Where the city is bursting at the seams
As befits any major urban expansion, plans for the area around the Zuidas in Amsterdam are ambitious in the extreme. The aim is to transform a business quarter ideally situated between the city and its airport into a new city district, a place where people can live, study, shop, exercise and participate in sports. Substantial changes to the area around the Zuidas are crucial if Amsterdam and the northern part of the Randstad are to remain easily accessible, and it was quite a puzzle to fit everything into a spot where so many traffic flows come together. The city’s population is growing and becoming more mobile, car use is undergoing rapid change, and the globalization of Amsterdam’s economy is making connections with Schiphol Airport, and with London, Brussels, Paris and Frankfurt via high-speed rail, increasingly important.
Rail transport in the Randstad, and especially around the stations at Schiphol Airport and Amsterdam Zuid, will grow significantly over coming decades. ProRail expects a steady increase from 80,000 to around 250,000 passengers a day.
As well as the A10 ring road and the railway, bicycle paths and bus, tram and metro lines converge at the Zuidas. The complexity of all this, along with rapid economic and technological developments and radical changes in the field of mobility, mean that the starting point was of necessity a conceptual vision for the future of Amsterdam Zuid railway station. A design was called for that would satisfy the infrastructure requirements of the next few decades, but it also needed to fit with the notion of an entirely new city district. All things considered, there was no option but to broaden the ring road to twelve lanes for a stretch of six kilometres, separate local traffic from through traffic, and build a tunnel for the A10 ring road in order to create room for the expansion of Amsterdam Zuid station.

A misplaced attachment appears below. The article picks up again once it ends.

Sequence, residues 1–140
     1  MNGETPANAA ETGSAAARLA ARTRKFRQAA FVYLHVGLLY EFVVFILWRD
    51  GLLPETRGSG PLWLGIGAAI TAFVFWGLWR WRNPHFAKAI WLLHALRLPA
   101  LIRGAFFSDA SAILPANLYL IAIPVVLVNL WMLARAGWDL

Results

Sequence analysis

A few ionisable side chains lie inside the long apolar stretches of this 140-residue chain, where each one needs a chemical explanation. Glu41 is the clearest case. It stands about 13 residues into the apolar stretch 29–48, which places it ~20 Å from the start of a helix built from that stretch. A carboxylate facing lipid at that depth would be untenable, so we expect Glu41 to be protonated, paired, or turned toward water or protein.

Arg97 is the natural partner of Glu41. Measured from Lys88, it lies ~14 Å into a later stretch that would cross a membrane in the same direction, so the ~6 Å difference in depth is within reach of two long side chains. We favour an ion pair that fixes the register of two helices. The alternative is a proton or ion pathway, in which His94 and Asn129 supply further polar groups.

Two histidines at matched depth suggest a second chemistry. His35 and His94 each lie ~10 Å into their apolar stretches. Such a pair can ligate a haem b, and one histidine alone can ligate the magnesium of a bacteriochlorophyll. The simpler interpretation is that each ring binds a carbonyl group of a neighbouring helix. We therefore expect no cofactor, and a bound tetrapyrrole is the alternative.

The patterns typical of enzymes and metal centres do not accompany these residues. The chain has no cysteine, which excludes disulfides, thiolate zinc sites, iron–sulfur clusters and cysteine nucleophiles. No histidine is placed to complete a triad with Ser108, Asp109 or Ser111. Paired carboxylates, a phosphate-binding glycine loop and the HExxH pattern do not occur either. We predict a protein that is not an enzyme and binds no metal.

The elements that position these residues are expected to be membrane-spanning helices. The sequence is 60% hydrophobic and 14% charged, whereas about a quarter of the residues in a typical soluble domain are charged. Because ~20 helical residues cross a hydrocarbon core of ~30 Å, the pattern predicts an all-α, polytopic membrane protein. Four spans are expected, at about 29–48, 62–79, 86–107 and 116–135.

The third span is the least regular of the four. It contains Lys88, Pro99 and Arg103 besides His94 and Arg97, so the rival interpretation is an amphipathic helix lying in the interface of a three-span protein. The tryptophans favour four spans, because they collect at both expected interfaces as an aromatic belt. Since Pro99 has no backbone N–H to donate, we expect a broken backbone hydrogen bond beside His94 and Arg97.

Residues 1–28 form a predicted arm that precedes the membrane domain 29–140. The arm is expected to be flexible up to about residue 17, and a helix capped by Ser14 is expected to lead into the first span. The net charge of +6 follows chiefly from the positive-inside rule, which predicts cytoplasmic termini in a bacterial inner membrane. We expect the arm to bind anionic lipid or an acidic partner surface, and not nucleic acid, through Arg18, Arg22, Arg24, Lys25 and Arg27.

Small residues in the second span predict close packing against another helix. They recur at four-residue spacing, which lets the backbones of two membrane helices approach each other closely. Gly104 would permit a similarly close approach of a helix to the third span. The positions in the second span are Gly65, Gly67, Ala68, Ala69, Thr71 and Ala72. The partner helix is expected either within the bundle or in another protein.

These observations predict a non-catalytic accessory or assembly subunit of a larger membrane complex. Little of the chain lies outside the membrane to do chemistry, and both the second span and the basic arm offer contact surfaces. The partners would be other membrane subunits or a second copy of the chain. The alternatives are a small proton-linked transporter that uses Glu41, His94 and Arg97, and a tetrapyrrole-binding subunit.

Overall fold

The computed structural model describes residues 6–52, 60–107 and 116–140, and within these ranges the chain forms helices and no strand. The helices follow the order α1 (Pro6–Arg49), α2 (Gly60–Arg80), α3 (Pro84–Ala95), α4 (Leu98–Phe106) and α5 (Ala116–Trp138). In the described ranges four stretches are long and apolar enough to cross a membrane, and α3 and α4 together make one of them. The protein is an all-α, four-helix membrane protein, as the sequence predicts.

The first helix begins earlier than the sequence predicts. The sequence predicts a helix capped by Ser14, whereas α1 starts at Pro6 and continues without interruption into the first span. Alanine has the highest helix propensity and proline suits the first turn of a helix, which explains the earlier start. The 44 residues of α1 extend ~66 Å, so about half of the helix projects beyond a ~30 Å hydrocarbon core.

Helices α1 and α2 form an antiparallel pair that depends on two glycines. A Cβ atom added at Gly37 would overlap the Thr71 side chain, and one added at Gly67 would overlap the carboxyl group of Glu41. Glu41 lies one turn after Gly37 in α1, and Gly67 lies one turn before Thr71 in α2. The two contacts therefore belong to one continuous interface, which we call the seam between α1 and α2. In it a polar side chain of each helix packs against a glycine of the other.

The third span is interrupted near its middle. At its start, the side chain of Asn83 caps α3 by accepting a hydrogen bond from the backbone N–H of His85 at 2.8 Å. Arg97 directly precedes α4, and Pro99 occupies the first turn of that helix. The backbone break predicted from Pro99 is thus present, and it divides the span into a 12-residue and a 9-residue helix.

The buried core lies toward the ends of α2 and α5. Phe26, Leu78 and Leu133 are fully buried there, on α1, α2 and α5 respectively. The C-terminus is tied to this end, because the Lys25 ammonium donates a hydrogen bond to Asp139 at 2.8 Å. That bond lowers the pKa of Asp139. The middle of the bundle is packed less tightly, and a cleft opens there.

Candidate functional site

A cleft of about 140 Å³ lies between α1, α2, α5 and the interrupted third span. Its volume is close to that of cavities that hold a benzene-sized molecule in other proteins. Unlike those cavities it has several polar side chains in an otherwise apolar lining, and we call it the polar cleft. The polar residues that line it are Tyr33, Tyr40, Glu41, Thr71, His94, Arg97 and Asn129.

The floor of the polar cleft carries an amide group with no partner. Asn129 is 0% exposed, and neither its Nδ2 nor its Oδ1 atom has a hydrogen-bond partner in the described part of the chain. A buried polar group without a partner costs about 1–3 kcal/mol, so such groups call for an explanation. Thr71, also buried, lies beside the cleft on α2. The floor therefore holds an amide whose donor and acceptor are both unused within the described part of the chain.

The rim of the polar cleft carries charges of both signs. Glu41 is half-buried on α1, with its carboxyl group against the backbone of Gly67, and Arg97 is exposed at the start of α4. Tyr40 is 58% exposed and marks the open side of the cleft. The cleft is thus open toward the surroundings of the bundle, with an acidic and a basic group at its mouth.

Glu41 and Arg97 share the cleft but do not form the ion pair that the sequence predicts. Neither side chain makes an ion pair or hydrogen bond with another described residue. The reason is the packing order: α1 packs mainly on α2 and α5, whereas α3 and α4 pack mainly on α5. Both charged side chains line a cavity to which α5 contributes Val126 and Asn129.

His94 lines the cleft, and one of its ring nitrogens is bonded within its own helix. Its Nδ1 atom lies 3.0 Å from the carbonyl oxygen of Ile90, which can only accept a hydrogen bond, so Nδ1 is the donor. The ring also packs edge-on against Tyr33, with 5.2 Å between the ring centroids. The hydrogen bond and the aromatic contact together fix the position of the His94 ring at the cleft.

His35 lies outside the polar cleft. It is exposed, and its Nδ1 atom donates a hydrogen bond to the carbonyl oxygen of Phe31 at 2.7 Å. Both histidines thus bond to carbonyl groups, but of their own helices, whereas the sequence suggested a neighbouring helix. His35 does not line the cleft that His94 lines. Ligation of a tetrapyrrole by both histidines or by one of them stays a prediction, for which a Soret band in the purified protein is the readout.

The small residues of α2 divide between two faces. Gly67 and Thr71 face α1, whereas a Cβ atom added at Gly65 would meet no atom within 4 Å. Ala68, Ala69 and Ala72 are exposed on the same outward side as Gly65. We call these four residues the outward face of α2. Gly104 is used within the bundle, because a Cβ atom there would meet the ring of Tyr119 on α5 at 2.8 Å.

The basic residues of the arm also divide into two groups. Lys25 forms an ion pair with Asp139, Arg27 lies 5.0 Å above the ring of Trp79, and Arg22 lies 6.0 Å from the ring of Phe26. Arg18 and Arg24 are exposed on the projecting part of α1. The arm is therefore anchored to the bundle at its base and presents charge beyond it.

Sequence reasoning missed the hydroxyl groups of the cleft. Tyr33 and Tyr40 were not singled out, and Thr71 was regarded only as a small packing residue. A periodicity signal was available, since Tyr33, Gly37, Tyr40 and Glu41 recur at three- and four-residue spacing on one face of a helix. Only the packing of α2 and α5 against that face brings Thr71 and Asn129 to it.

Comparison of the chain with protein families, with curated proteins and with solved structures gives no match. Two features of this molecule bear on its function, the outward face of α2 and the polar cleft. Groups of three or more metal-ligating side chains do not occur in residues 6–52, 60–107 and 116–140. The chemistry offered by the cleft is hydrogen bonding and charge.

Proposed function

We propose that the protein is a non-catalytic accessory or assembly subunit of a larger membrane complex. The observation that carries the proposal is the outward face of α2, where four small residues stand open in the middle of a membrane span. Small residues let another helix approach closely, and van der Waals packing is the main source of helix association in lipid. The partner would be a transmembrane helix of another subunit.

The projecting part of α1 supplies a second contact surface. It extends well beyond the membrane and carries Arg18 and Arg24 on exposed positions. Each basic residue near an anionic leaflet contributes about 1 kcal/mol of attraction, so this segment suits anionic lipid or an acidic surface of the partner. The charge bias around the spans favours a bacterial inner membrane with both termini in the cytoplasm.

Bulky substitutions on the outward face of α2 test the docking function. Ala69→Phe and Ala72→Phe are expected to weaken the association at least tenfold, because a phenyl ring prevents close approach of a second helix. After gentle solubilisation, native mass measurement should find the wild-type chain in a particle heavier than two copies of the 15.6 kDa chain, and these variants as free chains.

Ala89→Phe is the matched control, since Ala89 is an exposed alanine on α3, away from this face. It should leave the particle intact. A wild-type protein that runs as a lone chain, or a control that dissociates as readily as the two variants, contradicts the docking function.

Everyone was in agreement that the greatest barrier to the development of the Zuidas was the A10 ring road. Hence the plan to move the A10 into a tunnel, creating a kilometre-wide space between the Zuidas and the southern part of the city. At the same time, Amsterdam Zuid station would be expanded and renovated, to facilitate the predicted growth of national rail traffic and an ambitious expansion of international rail travel.
The scheme designed to make all this a reality is called Zuidasdok and the team designing the tunnel, the upgraded station and the urban area around it made up of architectural studio ZJA, Team V Architectuur and BoschSlabbers Landschapsarchitecten.
The architects found their inspiration in the history of the area in the first half of the twentieth century. It was the proverbial urban fringe, where people took walks and boys from the city went fishing, while picknicks were enjoyed beside the Zuidelijke Wandelweg. It was here that the first football clubs had their pitches and the circus set up its tents when it came to town. In other words, the area was a combination of a traditional agrarian landscape, as depicted by Rembrandt in his drawings, and a green environment for recreation. Its core function was to provide both a sense of space and pleasurable experiences, to relieve some of the stress of urban living in the industrial age.
It was with this in mind that the design for the corridor with its road tunnel, new urban square and station emerged. The aim was to provide as much green space, peace, openness and quality of life as possible in an environment that can easily become filled with a stress-inducing profusion of bustle, noise, buildings and traffic. The space created by covering the ring road will further contribute to a reduction in noise levels and improvements to air quality.
A green corridor